Most helpful positive review
90 of 92 people found the following review helpful
Substantial, made to last construction.
on May 30, 2009
I chucked my old burr grinder in favor of something more substantial, and the KitchenAid steps up to the plate.
A couple of cons:
1) It is big. It comes close to the size of my coffee maker in terms of space. Fortunately, I have a big kitchen.
2) No automatic off. Simple Off/On toggle on the side.
1) Again, substantial glass and metal presentation. You get what you pay for. Did it ever occur to you all the old metal and glass mixers and appliances in grandma's kitchen that have been beaten within an inch of their life, but still work after all these years? Invest in something that's made to last, period. I wanted an anti-static glass coffee receptacle (I can't stand when the ground coffee flies all over the counter from a plastic container), and a metal appliance. Great presence on the countertop. Beam me up scotty.
2) Well constructed. Really not much to assemble, and the unit fits together well, unlike its plastic cousins. I like the way that the ground coffee falls 180 degrees downward from the grinder. Previous burr grinders that I've owned tend to have the hopper on top, grinder in the middle, and then will spit the ground coffee out at a 90 degree angle from the grinder. This creates pockets where ground coffee tends to gum up the mechanism (especially if you're using an oily bean). This design, although big in size, uses gravity to move the ground coffee through.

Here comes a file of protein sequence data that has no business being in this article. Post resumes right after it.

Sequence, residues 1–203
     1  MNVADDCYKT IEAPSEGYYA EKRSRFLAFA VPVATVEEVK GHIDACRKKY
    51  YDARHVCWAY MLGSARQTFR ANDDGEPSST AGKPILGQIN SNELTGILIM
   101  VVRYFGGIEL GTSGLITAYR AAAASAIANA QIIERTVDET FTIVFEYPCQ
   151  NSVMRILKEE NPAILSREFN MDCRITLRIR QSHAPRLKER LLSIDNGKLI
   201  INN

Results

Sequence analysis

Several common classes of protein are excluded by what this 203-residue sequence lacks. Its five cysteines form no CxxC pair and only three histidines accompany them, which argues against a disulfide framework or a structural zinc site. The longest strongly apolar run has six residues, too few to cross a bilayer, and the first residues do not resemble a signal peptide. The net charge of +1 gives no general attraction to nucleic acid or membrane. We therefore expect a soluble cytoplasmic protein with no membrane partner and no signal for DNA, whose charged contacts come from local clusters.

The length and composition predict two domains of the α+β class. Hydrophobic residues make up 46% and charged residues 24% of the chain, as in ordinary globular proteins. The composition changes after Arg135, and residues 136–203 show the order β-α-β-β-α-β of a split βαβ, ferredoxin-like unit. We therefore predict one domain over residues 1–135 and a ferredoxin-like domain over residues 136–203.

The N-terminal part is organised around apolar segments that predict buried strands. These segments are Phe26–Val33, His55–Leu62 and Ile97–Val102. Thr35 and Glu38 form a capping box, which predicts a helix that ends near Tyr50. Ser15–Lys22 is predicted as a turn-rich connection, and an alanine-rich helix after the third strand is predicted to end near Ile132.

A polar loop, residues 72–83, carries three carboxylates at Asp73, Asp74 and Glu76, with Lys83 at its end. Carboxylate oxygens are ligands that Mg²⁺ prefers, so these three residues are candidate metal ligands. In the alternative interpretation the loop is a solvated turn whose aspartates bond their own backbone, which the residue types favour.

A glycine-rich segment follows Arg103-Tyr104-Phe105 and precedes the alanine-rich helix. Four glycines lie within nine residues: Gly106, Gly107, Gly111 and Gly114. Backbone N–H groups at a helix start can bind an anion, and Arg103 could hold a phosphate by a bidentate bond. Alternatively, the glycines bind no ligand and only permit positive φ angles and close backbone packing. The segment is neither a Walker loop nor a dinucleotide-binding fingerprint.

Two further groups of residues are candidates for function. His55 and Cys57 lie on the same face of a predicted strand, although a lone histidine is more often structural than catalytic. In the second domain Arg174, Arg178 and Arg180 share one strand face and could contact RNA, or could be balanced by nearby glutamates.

3) Quieter than a number of other burr grinders that I've owned. (a bonus for quelling caffeine-withdrawal headache issues in the AM)
4) Pretty uniform ground size. I'm not making espresso with this grinder, so I can't report how finely it grinds, but as a new owner, I'm in the process of titrating the perfect grind size for my metal cone filter. The manufacturer's book comes with setting suggestions. I'm not a complete coffee freak, but I do tend to use only "top shelf" coffees that I order direct from plantations. Coffee represents my daily luxury, and this grinder preserves the flavor of the bean.
5) Good resale value. I know this is an odd thing to look at as a pro, because, why re-sell it? But, not everything fits hand and glove. I was searching for a used one on e-bay and saw that the same model used was selling for about 60 cents on the dollar. Beats that "pre-owned" car you were looking at.
I looked around for coffee grinders and for the quality of materials and workmanship, this really is the best long-term deal on the market. I just couldn't see paying several hundred dollars more for an italian grinder when this machine is much better than adequate. I've had good luck with this manufacturer in the past.